Arena proposal must clear legal hurdles

Before John Barese’s dream of building a $15 million indoor sports complex on town-owned land near Cantine Field can happen, there will be a number of legal hurdles he’ll need to overcome — any one of which could quickly derail the project.

There are also a number of reservations expressed by Supervisor Kelly Myers and fellow Town Board members that need to be addressed as well.

Speaking outside the March 7 Town Board meeting, Barese ran down the list of conditions that need to be met:


• Town Board approval. The board will need to set a public hearing and consider comments before voting to approve or deny the project. The project would be built on town-owned land off Canoe Hill Road that is currently being used to store DPW equipment. The Town Board has yet to set a public hearing date.

• The state Legislature needs to adopt a law permitting the town and developer to enter into this public/private venture.

• Gov. Andrew Cuomo would need to sign the legislation.

• Approval from the state Parks and Recreation Department is also needed.

• Barese would need to donate an equal amount of land. (He plans on purchasing some adjacent land but has not done so yet.) This process required by the state is called Alienation, Barese said.

Barese said that he would not be using any of his own money toward this project, which has been “a dream of mine for the last 10 years.” For the last three years, he has had a team of 10 members working on putting plans together.

The entire project, including a $1 million road running from North Street to the field, would, Barese said, be paid for by one individual, whom he declined to name. He said the individual is a local person who at this time wanted to remain anonymous. The identity of that person would be revealed should the project receive approval.

The lack of an identity for this person is one of a number of items that Myers has on a checklist that she wants answers to before she will agree to hold a public hearing.

She also wants the School Board to review the project, since Barese said the school would be able to hold sporting activities free of charge at the venue. Barese spoke before that board Tuesday, March 13.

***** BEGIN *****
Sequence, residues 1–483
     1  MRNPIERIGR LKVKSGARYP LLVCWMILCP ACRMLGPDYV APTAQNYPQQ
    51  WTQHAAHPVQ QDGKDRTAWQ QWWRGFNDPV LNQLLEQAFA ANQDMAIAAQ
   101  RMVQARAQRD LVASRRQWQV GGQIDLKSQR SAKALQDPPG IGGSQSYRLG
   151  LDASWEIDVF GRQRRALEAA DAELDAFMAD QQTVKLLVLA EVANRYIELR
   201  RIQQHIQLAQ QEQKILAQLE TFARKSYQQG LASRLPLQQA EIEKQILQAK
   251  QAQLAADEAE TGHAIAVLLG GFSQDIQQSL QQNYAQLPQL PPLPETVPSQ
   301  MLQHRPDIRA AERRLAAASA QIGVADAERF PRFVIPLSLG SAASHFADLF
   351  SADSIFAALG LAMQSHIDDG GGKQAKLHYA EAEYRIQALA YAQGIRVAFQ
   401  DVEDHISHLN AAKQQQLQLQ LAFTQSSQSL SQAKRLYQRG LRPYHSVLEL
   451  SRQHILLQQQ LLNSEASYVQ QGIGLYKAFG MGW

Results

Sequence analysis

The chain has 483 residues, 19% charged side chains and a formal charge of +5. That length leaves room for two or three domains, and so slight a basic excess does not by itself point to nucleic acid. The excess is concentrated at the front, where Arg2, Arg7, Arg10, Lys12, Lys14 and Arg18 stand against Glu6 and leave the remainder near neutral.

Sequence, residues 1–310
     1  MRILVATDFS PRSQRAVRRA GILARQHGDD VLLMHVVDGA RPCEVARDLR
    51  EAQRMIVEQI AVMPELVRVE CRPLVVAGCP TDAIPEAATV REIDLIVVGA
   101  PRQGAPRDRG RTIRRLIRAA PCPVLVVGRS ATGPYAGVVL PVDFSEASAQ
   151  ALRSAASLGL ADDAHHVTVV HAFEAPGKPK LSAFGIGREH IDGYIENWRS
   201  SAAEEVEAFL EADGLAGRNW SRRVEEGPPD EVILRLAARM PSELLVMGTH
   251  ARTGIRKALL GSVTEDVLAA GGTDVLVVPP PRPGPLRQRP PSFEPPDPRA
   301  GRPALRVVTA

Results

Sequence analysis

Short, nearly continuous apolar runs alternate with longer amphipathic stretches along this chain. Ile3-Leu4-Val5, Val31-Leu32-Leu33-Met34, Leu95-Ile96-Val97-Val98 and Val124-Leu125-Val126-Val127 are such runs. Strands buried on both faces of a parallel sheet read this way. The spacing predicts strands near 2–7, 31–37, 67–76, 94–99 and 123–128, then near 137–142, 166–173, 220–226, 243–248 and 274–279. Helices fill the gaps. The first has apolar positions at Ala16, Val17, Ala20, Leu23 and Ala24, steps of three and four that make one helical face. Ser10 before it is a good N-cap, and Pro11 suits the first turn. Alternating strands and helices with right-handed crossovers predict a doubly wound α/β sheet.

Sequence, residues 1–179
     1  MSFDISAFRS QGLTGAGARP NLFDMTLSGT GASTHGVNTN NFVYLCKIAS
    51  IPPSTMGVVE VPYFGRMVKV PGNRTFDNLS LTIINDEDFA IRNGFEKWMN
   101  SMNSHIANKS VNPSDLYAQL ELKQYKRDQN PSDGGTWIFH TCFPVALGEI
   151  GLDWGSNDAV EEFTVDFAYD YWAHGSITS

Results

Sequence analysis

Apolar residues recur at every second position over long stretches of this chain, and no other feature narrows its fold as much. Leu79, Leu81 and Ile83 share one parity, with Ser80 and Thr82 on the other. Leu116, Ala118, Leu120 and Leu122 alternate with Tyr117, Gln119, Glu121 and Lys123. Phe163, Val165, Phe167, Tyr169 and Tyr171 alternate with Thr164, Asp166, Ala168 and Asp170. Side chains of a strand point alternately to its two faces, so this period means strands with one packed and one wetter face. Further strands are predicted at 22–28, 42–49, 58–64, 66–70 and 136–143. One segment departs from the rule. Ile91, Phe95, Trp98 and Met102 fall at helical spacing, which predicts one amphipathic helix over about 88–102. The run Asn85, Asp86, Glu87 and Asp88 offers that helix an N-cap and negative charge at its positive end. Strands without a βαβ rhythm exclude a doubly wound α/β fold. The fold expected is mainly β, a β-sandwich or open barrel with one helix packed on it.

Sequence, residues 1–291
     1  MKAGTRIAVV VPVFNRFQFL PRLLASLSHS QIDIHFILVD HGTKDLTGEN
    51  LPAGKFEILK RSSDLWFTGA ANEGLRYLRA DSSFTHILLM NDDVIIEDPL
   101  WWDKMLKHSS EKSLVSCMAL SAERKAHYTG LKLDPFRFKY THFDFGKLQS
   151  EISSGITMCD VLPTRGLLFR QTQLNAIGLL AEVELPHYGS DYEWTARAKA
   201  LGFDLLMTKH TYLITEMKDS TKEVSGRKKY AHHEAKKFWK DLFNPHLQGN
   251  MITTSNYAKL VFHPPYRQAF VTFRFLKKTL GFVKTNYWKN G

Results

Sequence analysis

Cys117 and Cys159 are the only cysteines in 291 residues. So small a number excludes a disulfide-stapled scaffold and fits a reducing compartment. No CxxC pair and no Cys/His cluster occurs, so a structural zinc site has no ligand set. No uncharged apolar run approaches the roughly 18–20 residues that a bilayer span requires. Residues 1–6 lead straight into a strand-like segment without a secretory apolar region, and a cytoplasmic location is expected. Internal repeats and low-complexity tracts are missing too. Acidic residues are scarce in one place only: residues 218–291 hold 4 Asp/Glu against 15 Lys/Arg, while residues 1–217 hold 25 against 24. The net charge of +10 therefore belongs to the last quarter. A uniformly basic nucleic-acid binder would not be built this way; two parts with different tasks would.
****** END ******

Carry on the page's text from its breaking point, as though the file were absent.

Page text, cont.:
No planning board approval?

Barese believes that his project will not need any town Planning Board approvals because the project would be located on public land. So far, town officials have not weighed in on Barese’s interpretation of the law.

Myers was taken aback when told. “How can he do that?” she asked.

Myers said if the Town Board signed on for its portion of the deal, she’d want to see the Planning Board do a thorough review of the plans as well.

“There are many questions that need to be answered about this project,” Myers said.

“Give us a chance: that’s all we’re asking,” Barese said. “Let the citizens hear us.”


Project details

Plans for the $15 million arena include an indoor turf field, track lanes, an Olympic-size swimming pool and four basketball courts, which could also be used for volleyball and other sports. Most of the clientele would be students, who would be able to use the facility for free during school hours and for special events. According to Barese’s proposal, the facility would be privately owned and operated, and the town would lease seven acres of land for $1 a year for 99 years. He’s proposing a PILOT agreement in which he’d donate five acres of adjacent land to the town in exchange for operating tax-free throughout the lease. He’d also improve the access road ($1 million estimated cost) and turn over the proceeds from parking at special events to the town ($3-10 per vehicle).